Vaccine problems, plans scrutinized during Senate hearing

Facing criticism for wasting hundreds of millions of dollars on anthrax vaccines, a top Health and Human Services official said Tuesday that the agency needs more money to prevent similar problems.

A Government Accountability Office report released Tuesday detailed HHS missteps, including losing tens of millions of dollars on expiring vaccines and awarding a $877 million contract that the agency canceled after an unproven pharmaceutical company called VaxGen failed to meet what HHS acknowledges were unrealistic expectations for a new vaccine.

The report drew rebukes at a Senate Homeland Security and Governmental Affairs hearing on bioterrorism preparation, held to coincide with the sixth anniversary of anthrax attacks that killed six people in 2001.

"The Department of Health and Human Services' efforts to develop a second generation anthrax vaccine -- to improve upon the 30-year-old-technology we have in the stockpile -- has, in a word, failed," Senate Homeland Security and Governmental Affairs Chairman Joseph Lieberman, I-Conn., said in an opening statement. "This is a disappointing failure that has put us back at square one after years of work."

Gerald Parker, principal deputy assistant secretary in HHS' office of the assistant secretary for preparedness and response, observed that anthrax vaccines are only one piece of efforts by HHS and the Homeland Security Department to prepare for biological threats through their $5.6 billion BioShield project.

Recognizing that it had been contracting too early in the risky drug development process, the agency is working to buy vaccines that are "further down the pipeline," Parker said.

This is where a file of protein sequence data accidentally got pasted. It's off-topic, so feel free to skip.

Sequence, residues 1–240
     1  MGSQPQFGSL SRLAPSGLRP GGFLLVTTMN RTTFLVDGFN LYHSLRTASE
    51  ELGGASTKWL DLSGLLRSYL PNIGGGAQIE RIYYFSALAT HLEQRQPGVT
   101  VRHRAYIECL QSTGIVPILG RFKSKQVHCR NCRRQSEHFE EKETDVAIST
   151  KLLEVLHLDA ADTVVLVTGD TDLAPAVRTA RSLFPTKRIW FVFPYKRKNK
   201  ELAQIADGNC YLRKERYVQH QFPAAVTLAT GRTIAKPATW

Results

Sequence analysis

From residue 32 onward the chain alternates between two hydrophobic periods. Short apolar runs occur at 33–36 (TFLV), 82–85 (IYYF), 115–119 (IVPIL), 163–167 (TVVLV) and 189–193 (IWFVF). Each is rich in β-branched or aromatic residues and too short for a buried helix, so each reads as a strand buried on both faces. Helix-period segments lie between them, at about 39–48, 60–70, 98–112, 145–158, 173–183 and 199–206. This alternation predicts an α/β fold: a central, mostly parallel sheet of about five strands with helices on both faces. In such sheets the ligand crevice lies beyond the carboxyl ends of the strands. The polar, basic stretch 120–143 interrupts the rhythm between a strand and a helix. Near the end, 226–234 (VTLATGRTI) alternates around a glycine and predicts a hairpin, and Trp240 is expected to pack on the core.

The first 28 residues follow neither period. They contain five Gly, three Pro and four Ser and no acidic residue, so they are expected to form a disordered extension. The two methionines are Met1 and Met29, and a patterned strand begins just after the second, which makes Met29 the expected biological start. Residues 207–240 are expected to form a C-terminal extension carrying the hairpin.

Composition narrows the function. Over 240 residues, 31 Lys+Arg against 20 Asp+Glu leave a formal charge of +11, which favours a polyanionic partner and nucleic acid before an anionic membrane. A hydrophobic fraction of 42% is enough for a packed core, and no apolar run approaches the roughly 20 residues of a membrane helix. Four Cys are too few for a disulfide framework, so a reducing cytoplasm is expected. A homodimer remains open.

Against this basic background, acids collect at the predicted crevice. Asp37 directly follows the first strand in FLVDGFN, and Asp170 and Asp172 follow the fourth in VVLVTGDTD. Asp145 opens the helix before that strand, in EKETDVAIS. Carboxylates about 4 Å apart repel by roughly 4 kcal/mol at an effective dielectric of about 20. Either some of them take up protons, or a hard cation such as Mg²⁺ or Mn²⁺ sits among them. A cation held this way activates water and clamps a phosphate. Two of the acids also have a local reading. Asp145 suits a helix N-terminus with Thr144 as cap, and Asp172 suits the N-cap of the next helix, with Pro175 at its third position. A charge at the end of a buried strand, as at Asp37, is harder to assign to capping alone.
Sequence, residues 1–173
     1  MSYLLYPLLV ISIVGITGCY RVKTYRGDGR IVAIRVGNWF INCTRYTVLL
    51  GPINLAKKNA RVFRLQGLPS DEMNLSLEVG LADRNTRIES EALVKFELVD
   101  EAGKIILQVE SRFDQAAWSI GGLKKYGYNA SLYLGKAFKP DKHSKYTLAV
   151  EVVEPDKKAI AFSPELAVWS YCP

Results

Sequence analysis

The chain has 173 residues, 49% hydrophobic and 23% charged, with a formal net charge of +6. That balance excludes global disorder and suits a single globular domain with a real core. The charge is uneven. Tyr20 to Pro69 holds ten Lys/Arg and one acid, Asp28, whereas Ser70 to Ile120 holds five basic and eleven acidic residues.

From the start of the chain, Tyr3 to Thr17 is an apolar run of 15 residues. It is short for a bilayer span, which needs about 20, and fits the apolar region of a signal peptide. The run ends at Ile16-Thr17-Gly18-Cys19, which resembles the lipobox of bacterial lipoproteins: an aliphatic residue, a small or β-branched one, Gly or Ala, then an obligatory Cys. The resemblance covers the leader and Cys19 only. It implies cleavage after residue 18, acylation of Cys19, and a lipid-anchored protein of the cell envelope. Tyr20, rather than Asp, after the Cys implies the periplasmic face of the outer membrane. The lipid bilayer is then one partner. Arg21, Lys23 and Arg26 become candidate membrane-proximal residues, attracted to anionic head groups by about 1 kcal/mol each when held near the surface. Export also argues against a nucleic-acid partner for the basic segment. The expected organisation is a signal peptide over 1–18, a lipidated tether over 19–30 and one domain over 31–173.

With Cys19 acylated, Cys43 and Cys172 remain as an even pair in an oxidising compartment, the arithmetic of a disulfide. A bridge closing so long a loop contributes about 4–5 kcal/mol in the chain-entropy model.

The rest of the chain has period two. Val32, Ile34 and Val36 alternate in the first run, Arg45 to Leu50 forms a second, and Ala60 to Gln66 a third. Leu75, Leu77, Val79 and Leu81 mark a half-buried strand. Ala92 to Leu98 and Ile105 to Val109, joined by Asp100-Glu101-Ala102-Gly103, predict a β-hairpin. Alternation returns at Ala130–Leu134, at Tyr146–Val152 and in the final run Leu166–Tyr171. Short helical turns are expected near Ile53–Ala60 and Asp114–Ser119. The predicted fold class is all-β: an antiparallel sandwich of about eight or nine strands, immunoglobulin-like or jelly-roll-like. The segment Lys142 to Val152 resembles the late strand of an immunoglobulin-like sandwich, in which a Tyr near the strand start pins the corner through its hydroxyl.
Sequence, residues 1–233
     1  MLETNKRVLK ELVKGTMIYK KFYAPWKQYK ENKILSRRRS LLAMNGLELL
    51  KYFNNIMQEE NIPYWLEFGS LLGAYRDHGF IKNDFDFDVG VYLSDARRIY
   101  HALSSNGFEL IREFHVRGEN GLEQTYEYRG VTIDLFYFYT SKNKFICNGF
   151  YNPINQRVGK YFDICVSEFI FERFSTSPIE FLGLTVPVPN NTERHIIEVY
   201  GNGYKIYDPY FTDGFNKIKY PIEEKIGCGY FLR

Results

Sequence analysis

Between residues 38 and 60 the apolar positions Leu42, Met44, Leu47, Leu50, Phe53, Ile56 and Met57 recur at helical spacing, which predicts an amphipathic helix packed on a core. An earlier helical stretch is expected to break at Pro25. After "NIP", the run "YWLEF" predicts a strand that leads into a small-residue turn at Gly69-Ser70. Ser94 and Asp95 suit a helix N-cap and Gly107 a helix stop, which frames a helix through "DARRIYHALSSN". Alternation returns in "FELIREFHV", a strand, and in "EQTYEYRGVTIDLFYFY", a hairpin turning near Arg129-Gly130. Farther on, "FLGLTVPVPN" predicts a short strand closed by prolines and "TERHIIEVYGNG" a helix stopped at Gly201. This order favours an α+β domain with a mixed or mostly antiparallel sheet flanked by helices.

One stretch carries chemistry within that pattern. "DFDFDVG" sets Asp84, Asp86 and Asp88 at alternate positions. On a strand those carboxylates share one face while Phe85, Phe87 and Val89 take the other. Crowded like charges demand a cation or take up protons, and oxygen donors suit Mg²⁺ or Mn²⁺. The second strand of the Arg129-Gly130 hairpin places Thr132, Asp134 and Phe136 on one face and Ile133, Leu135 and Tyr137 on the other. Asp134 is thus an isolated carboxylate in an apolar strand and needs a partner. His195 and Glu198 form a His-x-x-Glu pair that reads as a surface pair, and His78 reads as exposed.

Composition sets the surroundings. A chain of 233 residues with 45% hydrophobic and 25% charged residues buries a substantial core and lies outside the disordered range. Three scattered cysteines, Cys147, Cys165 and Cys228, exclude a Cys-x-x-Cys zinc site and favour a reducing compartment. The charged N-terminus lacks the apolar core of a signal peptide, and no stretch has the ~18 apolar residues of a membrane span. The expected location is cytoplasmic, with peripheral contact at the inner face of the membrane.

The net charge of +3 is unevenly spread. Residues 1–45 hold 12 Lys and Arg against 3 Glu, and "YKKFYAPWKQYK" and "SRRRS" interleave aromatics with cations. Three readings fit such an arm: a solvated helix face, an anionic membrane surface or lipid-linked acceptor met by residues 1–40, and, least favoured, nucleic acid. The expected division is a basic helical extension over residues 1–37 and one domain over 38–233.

For commercial markets, drug makers often raise capital to pay for development costs. But with no private market for biodefense products, big pharmaceutical companies have not competed for contracts to sell vaccines to the government, causing agencies to rely on smaller, less risk-averse companies.

According to GAO, established drug-makers have also stayed away because a lack of clear requirements from government departments places additional risks on contractors. Lieberman agreed with those sentiments. "We have to find a way to entice the big pharmaceutical companies to get into this," he said.

Parker said $189 million in the president's fiscal 2008 budget request for advanced drug development will spur needed research. The Biodefense and Pandemic Vaccine and Drug Development Act of 2006 calls for advanced biodefense research, but Congress thus far has not funded the so-called BARDA Act.

Tara O'Toole, director of the Center for Biosecurity at the University of Pittsburgh Medical Center, said the gap between the government's goals for guarding against biological terrorism and its spending is much larger than most involved realize. "Five billion [dollars] is much less than we're going to need," O'Toole said.

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